TORONTO - The argument is not a new one: change is needed for those living in Long-Term-Care homes (LTC). That concept is on the minds of supporters of the “Time to Care Act” (Bill 13).
As reported by Corriere Canadese’s own Mariella Policheni, the bill passed second reading on October 29th in Ontario’s Legislature. It now proceeds to the Standing Committee on Social Policy. Although Bill 13 is a Private Member’s Bill, it is line with the Ontario’s LTC Covid-19 Commission’s recommendations that each resident receive a minimum of four (4) hours of direct care per day.
The systemic issues in LTC homes existed prior to the pandemic. Covid- 19 was the “breaking point”. According to the State of Public Health Report in Canada 2020, in the first eight months of the year, resident deaths in LTC facilities represented 80% of all Covid-19 related fatalities.
Across the nation, provinces are experiencing the “second wave” of infections. In Ontario, the virus seems to be gaining strength. Cases are also on the rise in Ontario’s LTC homes. Since September 1st, the province has reported over 1,000 new infections among residents in LTC homes.
This brings the cumulative total of positive cases to 6,941 since the start of the pandemic. The situation appears grim in Ontario LTC homes. Sadly, as of November 1st, a total of 2,013 seniors living in these congregate settings have succumbed to the deadly virus. The population within these facilities is more susceptible to severe outcomes due to their advanced age and complex medical conditions of the residents.
It is commonly understood now that “pandemic preparedness” did not extend into LTC settings, leaving residents vulnerable to contagion. Limited infection prevention and control, a shortage of PPE and chronic understaffing were just some of the issues that lead to the massive outbreaks experienced during the first wave. But, staffing shortages have plagued the LTC sector for years.
The public health crisis exposed the dire issues within the sector. In response to these issues, the Commission’s first set of interim recommendations, released late October, call on “the government… to increase permanent funding for more nurses and support staff”.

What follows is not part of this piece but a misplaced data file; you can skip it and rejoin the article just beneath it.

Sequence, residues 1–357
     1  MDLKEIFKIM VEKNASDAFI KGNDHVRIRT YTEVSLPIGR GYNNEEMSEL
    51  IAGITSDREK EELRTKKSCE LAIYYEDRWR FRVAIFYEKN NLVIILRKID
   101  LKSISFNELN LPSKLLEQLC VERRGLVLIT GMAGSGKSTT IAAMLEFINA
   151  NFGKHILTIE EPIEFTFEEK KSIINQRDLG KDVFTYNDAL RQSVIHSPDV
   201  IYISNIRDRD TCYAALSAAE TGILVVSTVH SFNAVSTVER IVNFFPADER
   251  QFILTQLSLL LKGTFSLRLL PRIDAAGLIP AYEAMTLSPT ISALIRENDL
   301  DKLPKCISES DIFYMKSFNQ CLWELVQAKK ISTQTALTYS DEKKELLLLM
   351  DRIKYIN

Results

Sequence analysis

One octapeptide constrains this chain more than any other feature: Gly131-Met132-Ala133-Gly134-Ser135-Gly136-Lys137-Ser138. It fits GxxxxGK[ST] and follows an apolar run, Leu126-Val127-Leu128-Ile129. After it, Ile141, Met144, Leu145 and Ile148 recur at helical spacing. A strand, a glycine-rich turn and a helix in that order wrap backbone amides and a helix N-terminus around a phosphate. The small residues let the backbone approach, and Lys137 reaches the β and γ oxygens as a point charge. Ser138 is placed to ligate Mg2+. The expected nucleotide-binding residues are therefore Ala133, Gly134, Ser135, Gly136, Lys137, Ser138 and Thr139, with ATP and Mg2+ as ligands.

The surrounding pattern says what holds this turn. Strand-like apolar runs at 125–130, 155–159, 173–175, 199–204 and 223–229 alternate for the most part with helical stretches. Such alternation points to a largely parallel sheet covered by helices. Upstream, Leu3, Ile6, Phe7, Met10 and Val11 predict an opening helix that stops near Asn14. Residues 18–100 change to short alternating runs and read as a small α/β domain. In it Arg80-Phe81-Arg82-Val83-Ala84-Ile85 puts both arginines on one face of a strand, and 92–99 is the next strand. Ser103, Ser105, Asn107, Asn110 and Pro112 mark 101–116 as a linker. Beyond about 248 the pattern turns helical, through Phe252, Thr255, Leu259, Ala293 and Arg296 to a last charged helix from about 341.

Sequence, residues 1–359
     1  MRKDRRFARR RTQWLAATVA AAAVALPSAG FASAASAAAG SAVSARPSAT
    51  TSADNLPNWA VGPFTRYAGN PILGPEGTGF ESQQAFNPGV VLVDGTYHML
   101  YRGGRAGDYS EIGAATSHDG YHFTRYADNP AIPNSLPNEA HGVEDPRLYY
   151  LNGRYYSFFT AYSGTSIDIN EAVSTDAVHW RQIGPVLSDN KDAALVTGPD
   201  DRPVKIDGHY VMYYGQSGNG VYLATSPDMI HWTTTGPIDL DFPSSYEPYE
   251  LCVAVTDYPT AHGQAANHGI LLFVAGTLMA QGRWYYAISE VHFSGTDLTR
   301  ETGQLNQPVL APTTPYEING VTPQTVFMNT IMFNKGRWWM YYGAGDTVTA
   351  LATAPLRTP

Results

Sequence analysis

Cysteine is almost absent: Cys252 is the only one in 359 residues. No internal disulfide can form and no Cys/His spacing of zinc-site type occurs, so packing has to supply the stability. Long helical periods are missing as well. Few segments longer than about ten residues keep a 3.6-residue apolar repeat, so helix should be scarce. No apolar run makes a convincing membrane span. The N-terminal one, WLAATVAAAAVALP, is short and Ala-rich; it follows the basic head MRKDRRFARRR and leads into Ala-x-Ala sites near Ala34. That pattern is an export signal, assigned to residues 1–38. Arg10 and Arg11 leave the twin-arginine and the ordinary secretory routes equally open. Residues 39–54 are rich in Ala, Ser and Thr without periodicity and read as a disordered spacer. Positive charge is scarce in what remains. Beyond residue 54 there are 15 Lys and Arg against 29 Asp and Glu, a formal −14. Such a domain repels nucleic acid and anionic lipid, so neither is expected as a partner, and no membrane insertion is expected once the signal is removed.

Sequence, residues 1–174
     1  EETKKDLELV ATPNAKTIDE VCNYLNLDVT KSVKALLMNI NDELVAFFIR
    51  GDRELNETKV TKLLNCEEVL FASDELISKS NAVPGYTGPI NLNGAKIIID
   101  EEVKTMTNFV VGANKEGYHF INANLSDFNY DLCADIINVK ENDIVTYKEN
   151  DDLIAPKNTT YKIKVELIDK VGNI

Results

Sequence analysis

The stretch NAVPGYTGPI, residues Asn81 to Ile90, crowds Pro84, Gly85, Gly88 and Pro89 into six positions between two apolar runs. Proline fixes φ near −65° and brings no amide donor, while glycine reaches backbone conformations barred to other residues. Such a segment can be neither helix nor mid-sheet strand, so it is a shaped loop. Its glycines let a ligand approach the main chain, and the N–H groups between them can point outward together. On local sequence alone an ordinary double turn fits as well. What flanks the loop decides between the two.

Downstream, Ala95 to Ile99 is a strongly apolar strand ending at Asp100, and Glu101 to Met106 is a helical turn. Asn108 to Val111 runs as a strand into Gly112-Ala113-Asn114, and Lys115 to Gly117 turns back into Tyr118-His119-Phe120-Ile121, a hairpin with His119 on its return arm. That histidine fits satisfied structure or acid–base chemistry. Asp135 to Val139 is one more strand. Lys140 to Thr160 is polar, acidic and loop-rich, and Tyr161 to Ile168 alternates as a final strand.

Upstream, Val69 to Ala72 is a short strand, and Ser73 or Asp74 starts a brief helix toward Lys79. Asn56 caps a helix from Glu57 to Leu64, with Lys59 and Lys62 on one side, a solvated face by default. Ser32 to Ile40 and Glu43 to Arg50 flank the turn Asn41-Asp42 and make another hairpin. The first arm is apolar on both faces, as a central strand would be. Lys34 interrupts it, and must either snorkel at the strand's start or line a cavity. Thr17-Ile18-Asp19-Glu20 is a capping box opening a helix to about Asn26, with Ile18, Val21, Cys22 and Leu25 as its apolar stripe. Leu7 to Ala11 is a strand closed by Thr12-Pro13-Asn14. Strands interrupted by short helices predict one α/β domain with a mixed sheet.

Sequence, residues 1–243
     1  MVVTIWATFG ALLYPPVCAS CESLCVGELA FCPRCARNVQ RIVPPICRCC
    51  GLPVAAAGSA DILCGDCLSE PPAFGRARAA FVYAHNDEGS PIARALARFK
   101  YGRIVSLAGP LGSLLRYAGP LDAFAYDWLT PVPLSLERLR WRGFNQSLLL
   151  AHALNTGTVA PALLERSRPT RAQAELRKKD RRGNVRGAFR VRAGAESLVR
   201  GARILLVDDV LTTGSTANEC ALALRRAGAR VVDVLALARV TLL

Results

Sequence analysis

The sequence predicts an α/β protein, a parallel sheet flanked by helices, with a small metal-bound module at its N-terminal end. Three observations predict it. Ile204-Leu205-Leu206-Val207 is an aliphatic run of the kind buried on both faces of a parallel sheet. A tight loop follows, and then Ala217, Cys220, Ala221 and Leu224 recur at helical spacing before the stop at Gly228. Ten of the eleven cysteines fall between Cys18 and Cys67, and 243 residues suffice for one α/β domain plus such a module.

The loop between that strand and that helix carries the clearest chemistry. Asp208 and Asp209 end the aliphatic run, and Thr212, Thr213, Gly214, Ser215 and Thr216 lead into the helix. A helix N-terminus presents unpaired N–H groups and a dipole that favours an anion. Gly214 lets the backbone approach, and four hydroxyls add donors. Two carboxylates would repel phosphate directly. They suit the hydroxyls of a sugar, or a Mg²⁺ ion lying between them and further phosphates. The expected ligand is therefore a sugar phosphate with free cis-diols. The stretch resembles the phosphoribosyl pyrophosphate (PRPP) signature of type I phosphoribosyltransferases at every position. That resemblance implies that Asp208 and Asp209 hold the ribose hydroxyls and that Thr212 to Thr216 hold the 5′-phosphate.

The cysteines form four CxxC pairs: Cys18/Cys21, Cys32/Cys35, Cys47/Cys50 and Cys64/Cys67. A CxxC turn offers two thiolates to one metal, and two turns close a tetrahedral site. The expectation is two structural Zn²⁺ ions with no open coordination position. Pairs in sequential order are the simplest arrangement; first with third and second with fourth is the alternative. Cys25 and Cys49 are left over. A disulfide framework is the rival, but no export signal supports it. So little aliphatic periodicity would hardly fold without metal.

As part of the government’s plan in supporting LTC homes through the fall and future waves, it is investing over half a billion dollars into the LTC sector. The announcements made over the past weeks and months have included [proposed] investments and actions to strengthen the workforce by recruiting, training, and retaining staff.
Additionally, the government is beginning to recognize the important role of family caregivers in the well-being of residents. During the first wave, the majority of establishments halted entry of visitors to their facilities, which included those who were acting as essential caregivers to residents.
Family caregivers play a critical role in the physical/mental health and well-being of seniors in these facilities. Supporters of residents living in LTC homes are advocating for their protection. The “More than Just a Visitor Act” (Bill 203), which passed the second reading (September 24) is awaiting standing committee before the third and final reading.
Once approved, the Act should (a) protect the rights of people receiving care, support, and services, in such congregate care settings, and (b) ensure access to designated caregivers, especially during a crisis.
Under the new visitor restrictions imposed during the “second wave” of Covid-19, the Ontario government would permit essential care givers access to residents in LTC facilities. For now, it is a waiting game, until such laws are passed, and regulations implemented.
Unless further progress is made in improving the quality of care for our seniors living in LTC homes, their lives hang in the balance.